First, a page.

The document specifically targets oil and gas operations in the seven counties with existing outdoor lighting ordinances surrounding the McDonald Observatory: Brewster, Culberson, Hudspeth, Jeff Davis, Pecos, Presidio and Reeves. However, the recommendations can be beneficial across the industry.
A new video that helps to introduce the recommendations to oil and gas companies is now available. It features the observatory’s Bill Wren explaining the importance of dark skies, and how lighting practices can both preserve dark skies and improve safety for oilfield workers. The video was produced with the support of the Apache Corporation, following the company’s extensive collaboration with observatory staff and implementation of these practices with their assets in the area. It is available to watch and share at: https://youtu.be/UnmwnO6CIR4
“For years, the PBPA and the McDonald Observatory have worked together on educating members of the Permian Basin oil and gas community about the Dark Skies Initiative and the possible impact lighting practices can have on the observatory’s work,” said PBPA President Ben Shepperd. “About two years ago, the PBPA board of directors agreed to support the creation of lighting recommendations. We decided a great way to educate members of the industry on how they could provide a positive impact on this issue was through the utilization of such recommended practices.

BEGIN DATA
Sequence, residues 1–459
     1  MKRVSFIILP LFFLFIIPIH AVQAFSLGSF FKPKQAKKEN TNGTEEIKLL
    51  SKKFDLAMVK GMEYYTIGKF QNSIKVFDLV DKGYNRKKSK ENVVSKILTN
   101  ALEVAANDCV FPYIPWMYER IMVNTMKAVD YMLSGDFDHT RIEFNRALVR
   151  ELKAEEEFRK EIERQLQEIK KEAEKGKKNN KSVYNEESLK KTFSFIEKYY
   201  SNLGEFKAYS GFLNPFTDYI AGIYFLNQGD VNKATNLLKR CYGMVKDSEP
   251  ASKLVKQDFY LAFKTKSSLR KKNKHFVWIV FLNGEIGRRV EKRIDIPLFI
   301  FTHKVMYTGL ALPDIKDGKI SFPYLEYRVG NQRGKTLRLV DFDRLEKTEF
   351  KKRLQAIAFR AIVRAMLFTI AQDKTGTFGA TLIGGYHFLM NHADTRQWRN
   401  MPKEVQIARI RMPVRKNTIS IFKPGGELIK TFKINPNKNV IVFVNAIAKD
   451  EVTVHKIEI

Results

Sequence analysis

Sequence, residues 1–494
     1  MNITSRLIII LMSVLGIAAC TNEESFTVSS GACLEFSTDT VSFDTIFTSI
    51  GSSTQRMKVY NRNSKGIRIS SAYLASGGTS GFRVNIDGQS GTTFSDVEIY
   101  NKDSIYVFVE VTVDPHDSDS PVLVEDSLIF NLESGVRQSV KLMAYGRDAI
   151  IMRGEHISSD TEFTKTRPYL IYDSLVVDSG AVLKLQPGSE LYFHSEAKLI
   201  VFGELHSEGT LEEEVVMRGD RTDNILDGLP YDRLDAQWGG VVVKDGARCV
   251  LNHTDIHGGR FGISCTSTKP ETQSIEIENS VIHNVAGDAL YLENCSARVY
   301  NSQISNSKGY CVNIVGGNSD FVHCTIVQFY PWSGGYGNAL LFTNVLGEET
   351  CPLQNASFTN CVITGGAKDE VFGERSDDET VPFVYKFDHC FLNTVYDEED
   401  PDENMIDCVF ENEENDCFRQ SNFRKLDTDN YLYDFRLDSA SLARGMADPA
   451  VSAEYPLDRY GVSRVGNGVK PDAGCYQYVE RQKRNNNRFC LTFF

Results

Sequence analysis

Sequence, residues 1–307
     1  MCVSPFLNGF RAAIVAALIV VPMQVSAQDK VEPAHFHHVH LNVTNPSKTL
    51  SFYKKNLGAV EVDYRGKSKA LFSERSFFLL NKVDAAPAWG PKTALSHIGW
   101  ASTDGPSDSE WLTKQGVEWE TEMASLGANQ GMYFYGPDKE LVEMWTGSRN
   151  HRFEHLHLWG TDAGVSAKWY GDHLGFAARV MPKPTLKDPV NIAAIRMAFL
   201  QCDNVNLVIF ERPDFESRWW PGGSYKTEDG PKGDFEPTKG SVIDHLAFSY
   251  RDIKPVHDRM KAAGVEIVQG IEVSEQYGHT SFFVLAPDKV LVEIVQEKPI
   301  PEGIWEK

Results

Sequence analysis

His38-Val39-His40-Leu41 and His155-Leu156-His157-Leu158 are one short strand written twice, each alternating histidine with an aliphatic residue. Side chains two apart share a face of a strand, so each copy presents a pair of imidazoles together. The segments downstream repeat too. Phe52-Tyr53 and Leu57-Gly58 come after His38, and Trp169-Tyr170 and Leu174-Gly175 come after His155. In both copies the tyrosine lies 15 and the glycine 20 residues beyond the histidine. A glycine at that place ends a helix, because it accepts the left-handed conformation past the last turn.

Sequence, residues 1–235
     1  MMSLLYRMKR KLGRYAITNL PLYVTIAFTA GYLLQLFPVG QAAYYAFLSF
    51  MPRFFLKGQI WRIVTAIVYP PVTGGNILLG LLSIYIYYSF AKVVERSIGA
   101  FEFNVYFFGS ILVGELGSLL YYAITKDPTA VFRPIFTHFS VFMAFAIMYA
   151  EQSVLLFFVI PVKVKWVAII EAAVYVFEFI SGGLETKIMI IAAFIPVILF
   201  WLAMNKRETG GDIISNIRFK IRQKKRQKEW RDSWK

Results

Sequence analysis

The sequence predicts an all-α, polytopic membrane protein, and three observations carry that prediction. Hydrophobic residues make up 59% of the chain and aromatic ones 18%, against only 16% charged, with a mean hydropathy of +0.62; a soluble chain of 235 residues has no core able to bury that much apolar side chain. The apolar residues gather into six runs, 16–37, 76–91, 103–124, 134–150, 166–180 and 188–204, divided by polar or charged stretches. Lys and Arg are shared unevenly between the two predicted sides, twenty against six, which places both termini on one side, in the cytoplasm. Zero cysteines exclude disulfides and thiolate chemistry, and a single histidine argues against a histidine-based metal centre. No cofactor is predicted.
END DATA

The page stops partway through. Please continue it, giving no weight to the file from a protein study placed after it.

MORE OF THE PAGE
“So we began work with the observatory to publish recommended lighting practices and have since worked to educate our members and those outside the oil and gas industry on the recommendations through presentations, seminars, articles in magazines and newspapers, and even one-on-one conversations,” Shepperd said.
Recently, the Texas Oil and Gas Association joined the collaboration.
“The Texas Oil and Gas Association recognizes that production practices and protecting the environment are in no way mutually exclusive,” TXOGA President Todd Staples said. “The Recommended Lighting Practices collaborative effort allows for the oil and natural gas industry to continue the work vital to our economy and our future, and for the simultaneous reduction to our ecological footprint.”
In April, the observatory’s Dark Skies Initiative was named one of six Texan by Nature Conservation Wrangler projects for 2018. Texan by Nature, a Texas-led conservation nonprofit founded by former first lady Laura Bush, brings business and conservation together through select programs that engage Texans in the stewardship of land and communities.
The award will provide the observatory connections to technical expertise, industry support, publicity, and more for its Dark Skies Initiative.